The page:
Birchwood Cafe: Planting a seed for growth

When the Birchwood Cafe’s doors first opened eighteen years ago, owner Tracy Singleton was planning on just being open during the week for morning commuters needing a coffee and pastry and for neighborhood folks needing a quick lunch. What she didn’t expect was instant demand for a full menu and extended hours.She recalled, “We had our big grand opening on a Tuesday night. When we opened the next day people came in a bought coffee and baked goods, which is what we had, and then they were like, ‘You’re going to have more food, right?’ And we were like, ‘Yeah, of course!’ And then three o’clock shut down came, and people kept coming. They were like, ‘You don’t have your dinner menu ready? Oh, OK. Continue Reading

Minneapolis: A brand new Longfellow

Those faded Welcome to Longfellow signs that can be seen around the Greater Longfellow neighborhood will soon become a thing of the past. The Longfellow Community Council’s Advancement Committee has plans to replace the signs with the new Longfellow branding, which was unveiled at last week’s fall membership meeting.The new look is an effort to promote the neighborhood and increase its visibility in Minneapolis. Melanie Majors, LCC executive director, commented, “Our rebranding campaign is going to help LCC market Greater Longfellow to a broader audience and highlight the vibrancy and amenity rich features of this community.”Re-branding the NeighborhoodCurrently, the new logo adorns t-shirts, stickers, and tote bags, which are for sale at the LCC and will be available at neighborhood events. The next step of the rebranding phase will include new signs around the neighborhood and banners hung along East Lake Street, according to Patty Day, LCC Advancement Committee chair. She noted that if funds allow, the committee is also discussing the possibility of installing bike racks with the logo and a community mural. Continue Reading

Minneapolis: Vintage Caravan has pulled into Seward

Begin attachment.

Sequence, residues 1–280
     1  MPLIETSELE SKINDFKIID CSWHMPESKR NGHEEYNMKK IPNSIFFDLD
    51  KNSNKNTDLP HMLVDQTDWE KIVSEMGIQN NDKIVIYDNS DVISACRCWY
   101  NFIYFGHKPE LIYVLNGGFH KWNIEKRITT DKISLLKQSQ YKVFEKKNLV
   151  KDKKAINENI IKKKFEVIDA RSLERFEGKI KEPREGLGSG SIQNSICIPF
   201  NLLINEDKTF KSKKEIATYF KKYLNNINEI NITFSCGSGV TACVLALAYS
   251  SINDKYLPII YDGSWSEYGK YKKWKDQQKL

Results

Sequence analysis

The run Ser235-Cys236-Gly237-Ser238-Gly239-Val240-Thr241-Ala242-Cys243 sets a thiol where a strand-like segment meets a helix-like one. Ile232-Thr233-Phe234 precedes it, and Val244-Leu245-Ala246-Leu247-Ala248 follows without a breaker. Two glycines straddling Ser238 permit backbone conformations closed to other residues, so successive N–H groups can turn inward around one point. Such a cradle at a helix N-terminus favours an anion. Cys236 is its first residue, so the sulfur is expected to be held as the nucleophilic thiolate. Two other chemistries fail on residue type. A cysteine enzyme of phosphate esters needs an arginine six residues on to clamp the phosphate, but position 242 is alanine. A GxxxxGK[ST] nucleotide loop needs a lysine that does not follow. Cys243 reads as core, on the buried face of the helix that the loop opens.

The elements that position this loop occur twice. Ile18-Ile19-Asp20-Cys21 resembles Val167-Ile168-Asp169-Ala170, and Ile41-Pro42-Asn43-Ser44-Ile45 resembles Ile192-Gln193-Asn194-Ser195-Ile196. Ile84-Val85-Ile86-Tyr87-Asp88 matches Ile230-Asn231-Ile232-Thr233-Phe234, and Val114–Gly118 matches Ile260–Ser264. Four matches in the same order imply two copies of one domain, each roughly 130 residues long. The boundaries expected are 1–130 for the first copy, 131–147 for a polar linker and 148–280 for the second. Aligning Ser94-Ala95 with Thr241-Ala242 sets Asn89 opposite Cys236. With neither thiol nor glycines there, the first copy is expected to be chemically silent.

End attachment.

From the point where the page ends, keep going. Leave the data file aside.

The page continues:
Dawn Winter and Cara Fazio found themselves with an abundance of vintage clothing, costume jewelry, and decor. After a conversation with Dawn Lee (owner of the former Donut Co-op), the two found out she still had a lease on the building. They asked to use the space, and the Vintage Caravan Pop-Up was born.Sale dates are limited – so if you’re a vintage fan, be sure to get the goods before the caravan moves out of town. They will be selling men’s clothing from the 1930s-1970s as well as clothing from WWII, ladies clothing circa 1940-1970, kids clothes, handbags, art, hats, coats, aprons, and costume jewelry – all from an bygone era.They wanted to let readers know that “people should just come in, we have had lots of gawkers… and people putting their faces to the window, or walking by five times with their dogs… JUST COME IN! We won’t bite and we won’t force anything on you. Continue Reading

Development begins at Hi-Lake Triangle in Minneapolis

Hugging the light rail station on Lake Street is a new construction site, which will transform in the course of 11 months into the Hi-Lake Triangle. While not technically in our coverage area (it’s actually in the East Phillips neighborhood), it will be a substantial building just on the other side of the LRT line.This article is reposted from TCDP media partner My Broadsheet. Check out the links below for other recent My Broadsheet stories:Ward 12 Candidates Respond to Audience QuestionsMPR Cites Seward as Culinary DestinationThe building will be a mixed-use space with 5,300 square feet of retail space (which could either amount to two or three businesses) and 64 senior apartments. Wellington Management is overseeing the property development and has secured one retail lease, which they would not name at this time.Current construction site of the Hi-Lake Triangle project. This senior housing development will be adjacent to the LRT station, which provides access to downtown, the Mall of America, and the airport. Continue Reading

Longfellow Offices: At the heart of wellness